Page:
China’s economy seems to be going gradually downhill but with the dips particularly steep at times. When Premier Wen Jiabao announced in March that the growth target would be 7.5 per cent this year, no one took him too seriously since outcomes have always been significantly higher. Beijing was comfortable with growth moderating to around 8.5 per cent for this year compared with last year’s 9.2 per cent but prolonged uncertainties in the eurozone combined with the continuing lid on housing purchases now suggest that a soft landing may be more difficult to realise.
April’s economic indicators took markets and seemingly even Beijing by surprise in the uniformity of the shortfalls from forecasts. Some have speculated that the leadership has been distracted by the Bo Xilai and Chen Guangcheng affairs on top of the manoeuvring relating to the leadership transition. Industrial production grew by only 9.3 per cent year-on-year compared to the consensus forecast of 12 per cent. Growth in investment and retail sales were also below expectations particularly since various business surveys had been more reassuring. All this was corroborated by the slow growth in electricity sales and tax receipts.
Particularly worrisome, bank lending has fallen off sharply – with medium and long-term loans down nearly 50 per cent from last year. Firms find profits evaporating with demand becoming increasingly uncertain for those depending on export markets. The problem is not lack of liquidity in the banking system but lack of credible borrowers.
But the final straw came with demand from Europe collapsing last month along with the US market remaining tepid. The reality now is that external demand by itself could subtract a full percentage point from this year’s growth. China analysts have responded by lowering their growth estimates closer to 8 per cent with some even predicting a collapse. This morning the World Bank lowered its forecast to 8.2 per cent.
Beijing still has ample financial resources, however, to avoid a crisis. The premier’s recent statement on “giving more priority to maintaining growth” signalled that decisive actions would now be taken. But with its infrastructure-cum-land sales fueled growth model under stress and exchange and interest rates still tightly managed, it does not have all the necessary policy options at its disposal.
Prospects have worsened in part because of the legacy of China’s enormous 2008 stimulus programme. That programme, which relied heavily on credit expansion, pushed growth above sustainable levels and fostered the borrowing spree that spawned the property bubble and inflation, which has absorbed the attention of policy makers ever since. Even as macro conditions have seemingly been brought under control over the past six months, China’s longer-term strategy of becoming less reliant on external demand and investment and more dependent on consumption to drive growth is becoming harder to realise.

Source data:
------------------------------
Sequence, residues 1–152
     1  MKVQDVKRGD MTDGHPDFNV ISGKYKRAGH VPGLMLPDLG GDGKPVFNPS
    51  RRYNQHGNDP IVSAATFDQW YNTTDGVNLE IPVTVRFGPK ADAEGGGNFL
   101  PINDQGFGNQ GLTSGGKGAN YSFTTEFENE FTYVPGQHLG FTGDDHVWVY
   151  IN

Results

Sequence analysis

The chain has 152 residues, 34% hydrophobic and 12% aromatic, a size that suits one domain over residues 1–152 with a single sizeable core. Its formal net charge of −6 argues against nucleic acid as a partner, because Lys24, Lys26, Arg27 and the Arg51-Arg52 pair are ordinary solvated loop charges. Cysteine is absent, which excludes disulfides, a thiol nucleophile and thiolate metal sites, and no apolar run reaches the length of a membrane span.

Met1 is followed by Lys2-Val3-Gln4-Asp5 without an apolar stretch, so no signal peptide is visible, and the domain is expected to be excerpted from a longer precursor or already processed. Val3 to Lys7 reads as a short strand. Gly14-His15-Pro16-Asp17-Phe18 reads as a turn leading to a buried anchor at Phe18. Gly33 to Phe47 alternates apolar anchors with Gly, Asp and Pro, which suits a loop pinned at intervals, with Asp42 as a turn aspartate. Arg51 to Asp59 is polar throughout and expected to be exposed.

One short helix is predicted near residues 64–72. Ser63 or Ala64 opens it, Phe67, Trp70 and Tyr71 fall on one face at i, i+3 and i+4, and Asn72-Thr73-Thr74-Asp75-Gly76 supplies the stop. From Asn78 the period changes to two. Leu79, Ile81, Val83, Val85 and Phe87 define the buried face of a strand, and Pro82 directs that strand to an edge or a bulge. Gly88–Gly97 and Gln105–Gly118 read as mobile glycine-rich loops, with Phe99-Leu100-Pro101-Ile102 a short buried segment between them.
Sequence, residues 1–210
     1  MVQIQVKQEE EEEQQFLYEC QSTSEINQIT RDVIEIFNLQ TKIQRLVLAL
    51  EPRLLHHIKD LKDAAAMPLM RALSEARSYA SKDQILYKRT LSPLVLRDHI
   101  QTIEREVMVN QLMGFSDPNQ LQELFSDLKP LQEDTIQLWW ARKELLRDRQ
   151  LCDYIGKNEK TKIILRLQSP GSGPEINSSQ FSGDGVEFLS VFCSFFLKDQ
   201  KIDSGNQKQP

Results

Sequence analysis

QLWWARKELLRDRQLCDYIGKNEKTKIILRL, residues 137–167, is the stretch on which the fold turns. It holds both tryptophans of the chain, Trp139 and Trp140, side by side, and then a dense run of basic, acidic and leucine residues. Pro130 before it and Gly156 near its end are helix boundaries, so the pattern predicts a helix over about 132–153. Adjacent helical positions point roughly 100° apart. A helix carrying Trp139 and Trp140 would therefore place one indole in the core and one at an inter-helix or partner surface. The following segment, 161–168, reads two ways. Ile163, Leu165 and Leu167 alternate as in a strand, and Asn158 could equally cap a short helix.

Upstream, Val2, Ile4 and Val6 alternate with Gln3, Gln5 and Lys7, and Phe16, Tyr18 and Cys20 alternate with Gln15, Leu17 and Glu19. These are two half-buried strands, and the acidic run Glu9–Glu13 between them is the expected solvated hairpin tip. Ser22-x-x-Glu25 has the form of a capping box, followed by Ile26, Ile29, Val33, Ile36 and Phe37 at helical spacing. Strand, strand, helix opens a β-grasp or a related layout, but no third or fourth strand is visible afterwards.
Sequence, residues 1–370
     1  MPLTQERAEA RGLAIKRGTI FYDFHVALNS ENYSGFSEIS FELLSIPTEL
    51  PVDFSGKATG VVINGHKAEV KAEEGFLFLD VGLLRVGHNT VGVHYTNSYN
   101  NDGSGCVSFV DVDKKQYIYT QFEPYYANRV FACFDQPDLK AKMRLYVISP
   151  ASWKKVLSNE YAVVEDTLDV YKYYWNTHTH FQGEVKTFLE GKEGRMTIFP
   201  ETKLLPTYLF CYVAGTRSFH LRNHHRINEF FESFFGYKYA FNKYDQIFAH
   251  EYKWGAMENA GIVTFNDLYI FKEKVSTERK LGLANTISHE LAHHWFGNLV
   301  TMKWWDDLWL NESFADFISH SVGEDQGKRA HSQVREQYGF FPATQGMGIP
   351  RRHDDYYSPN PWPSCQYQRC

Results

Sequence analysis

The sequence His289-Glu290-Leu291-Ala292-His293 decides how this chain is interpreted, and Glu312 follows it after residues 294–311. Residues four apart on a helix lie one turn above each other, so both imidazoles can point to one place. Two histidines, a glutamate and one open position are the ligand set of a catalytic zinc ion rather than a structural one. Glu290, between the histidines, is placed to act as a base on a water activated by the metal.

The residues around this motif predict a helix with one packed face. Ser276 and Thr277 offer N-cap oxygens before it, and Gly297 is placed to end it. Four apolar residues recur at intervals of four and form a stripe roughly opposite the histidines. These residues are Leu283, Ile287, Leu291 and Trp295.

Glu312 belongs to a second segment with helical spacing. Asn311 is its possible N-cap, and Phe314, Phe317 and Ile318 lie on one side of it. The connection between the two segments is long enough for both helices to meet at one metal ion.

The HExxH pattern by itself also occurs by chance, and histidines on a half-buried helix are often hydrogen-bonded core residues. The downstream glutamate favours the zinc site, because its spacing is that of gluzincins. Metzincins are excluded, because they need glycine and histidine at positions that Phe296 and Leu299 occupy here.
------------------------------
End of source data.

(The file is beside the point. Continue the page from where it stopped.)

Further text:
Premier Wen has shown no inclination thus far to remove the lid on the commercial housing sector, which broadly defined accounted for some 10 per cent of gross domestic product in recent years. Losing this demand driver cannot be easily offset even if efforts are made to accelerate construction of social housing.
With the apparent success of its tighter monetary policy, Beijing now finds it awkward to reverse course by lowering interest rates to keep activity on a steady course and instead has to rely on cutting bank reserve requirements to recharge the system. But if with repressed commercial demand, this option may not suffice.
Although political pressures to appreciate the renminbi have lessened with declining trade surpluses, more flexible two way currency movements will have little impact in altering trends in the real economy over the coming months.
Hopes that consumption can play a more dynamic role are probably unrealistic. Consumption has in fact been relatively strong accounting for 43 per cent of GDP growth in the first quarter compared with 28 per cent a year earlier. But by its very nature, consumption is not amenable to special incentives, which typically end up borrowing against the future and thus are not sustainable. Nevertheless, consumption growth averaging 8 per cent annually does provide a solid base that would help cushion all but a total collapse in the global economy triggered by events in the eurozone.
Chastened by the explosive growth of credit-financed expenditures from the past stimulus programme, China’s system now has to rely on the recently announced fiscal efforts to accelerate expenditures on infrastructure projects including roads, rail and power plants. While more transparent and less prone to waste, the fiscal channel is more bureaucratic with its expansionary impact less readily felt compared with the banking channel. Thus there continues to be a risk that Beijing’s fine-tuning of macro policies will fail to keep growth on the desired trajectory.